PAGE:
Spreadsheet Modeling in Finance and Investment Courses
Craig W. Holden
Indiana University - Kelley School of Business - Department of Finance
Kent L. Womack
University of Toronto - Rotman School of Management (deceased)
Finance is an inherently quantitative subject, and educators at both the undergraduate and graduate levels often struggle with finding the optimal approach that maximizes understanding and retention for their students, especially for students who are mathematically challenged.
In this column, we offer and encourage an approach we label "Spreadsheet Modeling" that has been quite successful in our classes and is growing in popularity. Obviously, spreadsheet modeling is not new. Academics and practitioners have benefited from it since the early 80's. Nor is our recommended approach completely new or the definitive final word on the subject. Our primary conviction is simply that the optimal use of spreadsheets for teaching finance and investments has been only modestly explored, and the benefits of using them is strictly "positive NPV" for initial student learning and concept retention.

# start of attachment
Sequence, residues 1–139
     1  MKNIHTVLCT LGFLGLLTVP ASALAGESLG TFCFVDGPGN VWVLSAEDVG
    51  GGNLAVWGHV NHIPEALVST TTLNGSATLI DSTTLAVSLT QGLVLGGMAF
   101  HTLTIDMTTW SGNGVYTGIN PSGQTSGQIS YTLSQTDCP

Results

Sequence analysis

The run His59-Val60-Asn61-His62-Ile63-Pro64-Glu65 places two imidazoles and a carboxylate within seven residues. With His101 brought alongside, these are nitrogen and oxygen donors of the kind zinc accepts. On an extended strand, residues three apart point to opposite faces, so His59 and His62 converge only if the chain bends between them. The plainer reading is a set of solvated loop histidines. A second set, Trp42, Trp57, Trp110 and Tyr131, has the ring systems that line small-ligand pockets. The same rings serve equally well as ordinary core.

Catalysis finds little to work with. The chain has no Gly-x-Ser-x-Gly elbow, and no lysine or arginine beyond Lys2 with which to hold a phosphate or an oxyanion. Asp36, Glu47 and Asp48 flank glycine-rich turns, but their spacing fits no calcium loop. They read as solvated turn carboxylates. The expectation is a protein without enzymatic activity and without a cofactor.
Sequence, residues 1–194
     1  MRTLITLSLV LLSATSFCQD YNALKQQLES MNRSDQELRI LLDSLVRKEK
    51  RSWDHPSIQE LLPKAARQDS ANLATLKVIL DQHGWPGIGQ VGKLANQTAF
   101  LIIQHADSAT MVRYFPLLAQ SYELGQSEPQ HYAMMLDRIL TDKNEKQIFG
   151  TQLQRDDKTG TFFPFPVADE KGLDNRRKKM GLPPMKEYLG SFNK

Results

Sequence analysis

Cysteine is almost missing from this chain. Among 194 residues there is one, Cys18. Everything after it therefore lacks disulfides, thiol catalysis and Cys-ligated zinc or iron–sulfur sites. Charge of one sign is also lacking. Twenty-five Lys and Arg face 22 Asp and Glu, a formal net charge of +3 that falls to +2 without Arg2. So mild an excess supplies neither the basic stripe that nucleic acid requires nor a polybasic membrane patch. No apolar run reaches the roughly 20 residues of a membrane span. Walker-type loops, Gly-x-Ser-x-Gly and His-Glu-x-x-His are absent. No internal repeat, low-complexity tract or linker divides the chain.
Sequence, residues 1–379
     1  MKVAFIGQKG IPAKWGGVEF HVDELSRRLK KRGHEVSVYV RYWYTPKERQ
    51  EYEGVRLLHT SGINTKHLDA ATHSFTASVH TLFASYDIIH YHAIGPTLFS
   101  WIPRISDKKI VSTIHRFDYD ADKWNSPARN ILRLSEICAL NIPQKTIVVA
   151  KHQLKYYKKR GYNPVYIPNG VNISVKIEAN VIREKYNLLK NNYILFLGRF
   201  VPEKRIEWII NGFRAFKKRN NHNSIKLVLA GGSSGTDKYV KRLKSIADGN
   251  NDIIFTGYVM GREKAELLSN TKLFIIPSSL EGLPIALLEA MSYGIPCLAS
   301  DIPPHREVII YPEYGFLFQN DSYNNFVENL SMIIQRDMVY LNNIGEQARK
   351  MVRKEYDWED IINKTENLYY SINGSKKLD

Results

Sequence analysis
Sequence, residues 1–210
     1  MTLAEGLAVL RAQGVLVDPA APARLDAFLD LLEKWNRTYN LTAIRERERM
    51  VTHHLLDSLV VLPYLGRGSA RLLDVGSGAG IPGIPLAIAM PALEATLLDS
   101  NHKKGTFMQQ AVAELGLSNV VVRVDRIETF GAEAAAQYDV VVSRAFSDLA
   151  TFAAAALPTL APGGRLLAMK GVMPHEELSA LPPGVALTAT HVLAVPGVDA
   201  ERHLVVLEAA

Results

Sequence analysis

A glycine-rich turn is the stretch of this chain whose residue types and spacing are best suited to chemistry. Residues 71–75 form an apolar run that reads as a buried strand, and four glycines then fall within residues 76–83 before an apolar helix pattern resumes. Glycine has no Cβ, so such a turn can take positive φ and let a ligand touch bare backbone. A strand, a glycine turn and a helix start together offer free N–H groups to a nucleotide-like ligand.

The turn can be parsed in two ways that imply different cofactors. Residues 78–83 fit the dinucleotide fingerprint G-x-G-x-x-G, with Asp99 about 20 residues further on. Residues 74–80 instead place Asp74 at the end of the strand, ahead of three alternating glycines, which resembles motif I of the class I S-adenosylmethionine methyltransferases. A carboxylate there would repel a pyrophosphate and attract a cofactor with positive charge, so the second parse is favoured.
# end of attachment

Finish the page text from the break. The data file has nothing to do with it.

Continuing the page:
In this column, we first summarize the pedagogical issues of why "Spreadsheet Modeling" as an overall approach works so well, and the value of differing sub-approaches. Then we offer several examples from our own classes and a survey of available resources (including textbook supplements) especially for investments-type courses.
Number of Pages in PDF File: 6
Date posted: September 12, 2000